BTW, it is also well documented that bird feeders are terrible for song birds, but you can't fight the entire populace at once now can you?

x 2

My opinion has only become stronger over time, that those who regularly "feed" deer corn (per feeders or scattering on the ground), and talking specifically about TENNESSEE, are doing more harm than good, both to "their" deer (and turkey), and to their ability to become better hunters. Show me a guy hunting over a corn pile, and I'll show you a guy who is more a shooter than a hunter, and he's sabotaging his own opportunity to become a more accomplished hunter.

There is another issue that few have considered: Increased predation that comes when one regularly feeds wildlife in a specific spot. Having a deer feeder out in the woods is a great way to lose more button bucks to bobcat, dog, and coyote predation ----- and you'll never know about most of your losses.


I put some out last year after season as it was the first time i have ever run cameras and the best way i had heard of to get deer to the camera. I noticed once I started putting it out, and the small critters showed up, the bobcats, and coyotes showed up as well. I have been doing more research and will be going away from it.

Is there anything other that minerals you guys recommend for cataloging purposes?


We talk about putting minerals out, but in reality we are talking trace minerals in salt. Salt attracts wildlife, but it kills bacteria and fungi that would grow on food sources. That makes it a much safer alternative to feeding. You get the wildlife attracted, but do not spread disease. As for the attraction of predators, that is a very viable concern, and any attractant that concentrates prey animals will eventually draw predators to the area.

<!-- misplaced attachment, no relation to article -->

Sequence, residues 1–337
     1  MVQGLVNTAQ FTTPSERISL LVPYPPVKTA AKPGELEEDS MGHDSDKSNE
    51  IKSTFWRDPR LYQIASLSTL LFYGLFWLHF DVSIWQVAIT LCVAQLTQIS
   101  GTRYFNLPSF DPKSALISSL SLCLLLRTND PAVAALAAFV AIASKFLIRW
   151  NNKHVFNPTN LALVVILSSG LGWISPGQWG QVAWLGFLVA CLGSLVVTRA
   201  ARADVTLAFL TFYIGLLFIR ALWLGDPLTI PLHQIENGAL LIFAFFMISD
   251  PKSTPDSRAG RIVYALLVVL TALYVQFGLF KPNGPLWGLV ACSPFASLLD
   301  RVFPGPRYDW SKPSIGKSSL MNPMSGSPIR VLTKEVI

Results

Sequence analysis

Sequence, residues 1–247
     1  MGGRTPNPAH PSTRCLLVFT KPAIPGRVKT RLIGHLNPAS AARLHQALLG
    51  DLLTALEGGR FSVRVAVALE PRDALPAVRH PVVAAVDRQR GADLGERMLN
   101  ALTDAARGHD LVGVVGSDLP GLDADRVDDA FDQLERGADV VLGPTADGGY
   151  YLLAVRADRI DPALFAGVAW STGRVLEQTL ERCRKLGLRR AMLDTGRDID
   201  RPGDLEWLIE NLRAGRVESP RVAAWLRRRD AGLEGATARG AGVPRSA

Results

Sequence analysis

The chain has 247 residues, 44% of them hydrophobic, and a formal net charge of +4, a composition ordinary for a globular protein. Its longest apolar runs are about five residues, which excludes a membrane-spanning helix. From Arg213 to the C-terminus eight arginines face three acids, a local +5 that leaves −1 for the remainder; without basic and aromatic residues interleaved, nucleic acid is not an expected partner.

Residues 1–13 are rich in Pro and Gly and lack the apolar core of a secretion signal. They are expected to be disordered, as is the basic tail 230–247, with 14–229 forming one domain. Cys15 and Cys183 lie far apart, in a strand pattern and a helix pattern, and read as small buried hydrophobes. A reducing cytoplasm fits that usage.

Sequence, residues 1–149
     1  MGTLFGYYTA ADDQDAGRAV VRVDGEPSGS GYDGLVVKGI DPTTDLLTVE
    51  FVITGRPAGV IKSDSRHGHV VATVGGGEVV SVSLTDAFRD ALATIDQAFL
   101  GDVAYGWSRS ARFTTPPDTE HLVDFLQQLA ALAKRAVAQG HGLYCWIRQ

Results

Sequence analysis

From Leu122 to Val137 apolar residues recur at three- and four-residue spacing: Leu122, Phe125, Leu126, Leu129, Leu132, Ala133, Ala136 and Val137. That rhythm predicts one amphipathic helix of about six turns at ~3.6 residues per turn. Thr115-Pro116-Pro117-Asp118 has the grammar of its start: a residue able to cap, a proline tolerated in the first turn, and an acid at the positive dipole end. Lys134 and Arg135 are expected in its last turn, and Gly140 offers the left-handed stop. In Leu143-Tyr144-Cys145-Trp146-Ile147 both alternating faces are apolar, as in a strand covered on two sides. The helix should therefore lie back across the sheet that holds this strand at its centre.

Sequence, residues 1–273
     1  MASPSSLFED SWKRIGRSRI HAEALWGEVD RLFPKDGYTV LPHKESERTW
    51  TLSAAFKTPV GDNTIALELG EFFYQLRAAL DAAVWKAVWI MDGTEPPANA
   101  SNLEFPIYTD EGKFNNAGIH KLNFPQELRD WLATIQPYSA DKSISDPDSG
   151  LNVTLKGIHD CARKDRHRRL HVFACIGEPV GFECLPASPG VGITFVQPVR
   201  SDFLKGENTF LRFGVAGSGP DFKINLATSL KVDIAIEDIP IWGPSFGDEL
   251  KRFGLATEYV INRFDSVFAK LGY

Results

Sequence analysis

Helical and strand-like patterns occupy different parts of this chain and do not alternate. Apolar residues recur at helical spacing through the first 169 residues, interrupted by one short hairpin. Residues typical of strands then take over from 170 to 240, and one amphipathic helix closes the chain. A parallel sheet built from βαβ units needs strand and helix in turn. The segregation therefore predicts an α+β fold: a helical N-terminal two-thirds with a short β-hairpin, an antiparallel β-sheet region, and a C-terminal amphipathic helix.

_________________________
The recreational value of a game animal is inverse to the artificiality of its origin and the intensiveness of the management system that produced it. Aldo Leopold


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#3236990 - 05/02/13 09:32 AM Re: Rural King deer feed recall [Re: Diehard Hunter]
Wes Parrish
16 Point


Registered: 06/12/02
Posts: 19195
Loc: Knoxville-Dover-Union City, TN

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 Originally Posted By: Diehard Hunter
As for the attraction of predators, that is a very viable concern, and any attractant that concentrates prey animals will eventually draw predators to the area.

Here's where some significant differences come into play regarding salt licks and food plots (compared to "feeding" or "baiting" a very specific "spot").

Salt licks are mainly used during the Spring & Summer months by deer. This is a time when there's typically plenty of other prey animals (i.e. rabbits, young rabbits, turkey poults, young birds of all species, etc.) and the time of year when predators may be least likely to be hungry.

While small food plots may increase predation, they do not draw deer to a very small spot (like a feeder or corn pile). Deer are naturally "browsers", meaning they do not typically just stand and eat in the same spot, but rather walk along grabbing bites every few steps. Often, a food plot is just a small portion of their daily browse, unlike deer conditioned to unnaturally "feed" in a particular spot.

Also, and I know not why, but male deer seem to be drawn more to salt licks than female deer and fawns. This is good regarding predation, since both doe & fawns are more vulnerable than adult males.